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The Brotherhood-Salafist axis: Is the honeymoon over?

Salafist Nour Party spokesman clarifies reasons behind seeming political divergences between Egypt's two most formidable Islamist parties

Sarah El-Rashidi, Thursday 3 May 2012
Nader Bakkar
File image of Nour Party spokesman Nader Bakkar (Photo: Al-Ahram)
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The Muslim Brotherhood’s Freedom and Justice Party (FJP) and the Salafist Nour Party have shared a significant rapport since last year's ouster of the Mubarak regime. Some political observers, however, have begun questioning whether the relationship – recently bolstered by shared parliamentary victories – has begun to fray, given clear ideological disparities between the two parties.

The first hint of a rift was seen when the Nour Party voiced opposition to the FJP’s demand for the immediate dismissal of the military-appointed government of Prime Minister Kamal El-Ganzouri.

“We, too, demand that the military council hand over power [to a civilian administration] in June," Nour Party spokesman Nader Bakkar told Ahram Online. "But until then, it's both impractical and futile to demand the government's dismissal, especially at such a critical time with presidential elections around the corner."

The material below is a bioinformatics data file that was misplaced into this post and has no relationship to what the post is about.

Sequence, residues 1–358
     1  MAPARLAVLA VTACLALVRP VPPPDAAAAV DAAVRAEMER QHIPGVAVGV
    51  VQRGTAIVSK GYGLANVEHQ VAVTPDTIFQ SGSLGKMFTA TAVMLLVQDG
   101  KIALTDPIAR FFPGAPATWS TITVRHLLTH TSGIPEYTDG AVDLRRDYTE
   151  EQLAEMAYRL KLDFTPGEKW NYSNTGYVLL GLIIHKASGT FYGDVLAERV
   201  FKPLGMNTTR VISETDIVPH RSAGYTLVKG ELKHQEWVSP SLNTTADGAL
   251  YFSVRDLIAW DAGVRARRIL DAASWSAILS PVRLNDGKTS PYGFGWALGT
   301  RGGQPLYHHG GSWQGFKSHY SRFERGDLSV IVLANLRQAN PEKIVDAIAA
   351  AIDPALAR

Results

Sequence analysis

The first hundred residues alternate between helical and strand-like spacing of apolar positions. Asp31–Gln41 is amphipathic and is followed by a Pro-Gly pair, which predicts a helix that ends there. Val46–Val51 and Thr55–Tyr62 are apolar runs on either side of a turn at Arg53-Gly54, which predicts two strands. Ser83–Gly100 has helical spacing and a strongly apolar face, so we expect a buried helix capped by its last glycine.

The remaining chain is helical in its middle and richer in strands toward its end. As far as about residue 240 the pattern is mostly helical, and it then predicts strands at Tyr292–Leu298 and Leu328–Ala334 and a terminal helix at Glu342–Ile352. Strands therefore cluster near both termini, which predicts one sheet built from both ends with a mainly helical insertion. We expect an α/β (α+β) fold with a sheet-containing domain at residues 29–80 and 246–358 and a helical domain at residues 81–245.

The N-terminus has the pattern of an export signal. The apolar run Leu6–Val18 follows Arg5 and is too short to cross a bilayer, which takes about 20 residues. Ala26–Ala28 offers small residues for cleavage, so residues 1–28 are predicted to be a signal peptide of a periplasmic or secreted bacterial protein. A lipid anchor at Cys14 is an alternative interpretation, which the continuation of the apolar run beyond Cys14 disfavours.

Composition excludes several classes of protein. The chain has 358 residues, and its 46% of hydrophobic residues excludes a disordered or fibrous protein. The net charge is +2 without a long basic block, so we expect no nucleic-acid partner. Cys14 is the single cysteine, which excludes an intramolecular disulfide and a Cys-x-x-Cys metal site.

Bakkar added that, even though the El-Ganzouri government had failed in several respects, it was more effective to help his interim government implement modest changes in the short time it had left.

Another issue that has prompted speculation about the growing divergence between the two movements relates to the Nour Party’s decision on 28 April to back presidential candidate Abdel-Moneim Abul-Fotouh at the expense of Brotherhood candidate Mohamed Morsi.  

“We believe Abul-Fotouh can draw more voters, given his independence from any political party," said Bakkar. "The Nour Party is looking for an independent executive of an Islamic background.”

What's more, the Salafist party believes it will be difficult to market Morsi to the majority of Egyptians, given the multifaceted nature of Egyptian society. It sees Abul-Fotouh as more "representative" of Egypt's diverse population.

Yet despite these differences, Nour Party officials say the relationship remains cordial.

"Although we have different Islamic ideologies and differ on day-to-day political tactics, we're of the same Islamic background," said Bakkar. "Ultimately, our long-term goals are the same.”

He added: "We stand with the Brotherhood in facing injustice, although we each have our own opinions on specific issues.”  

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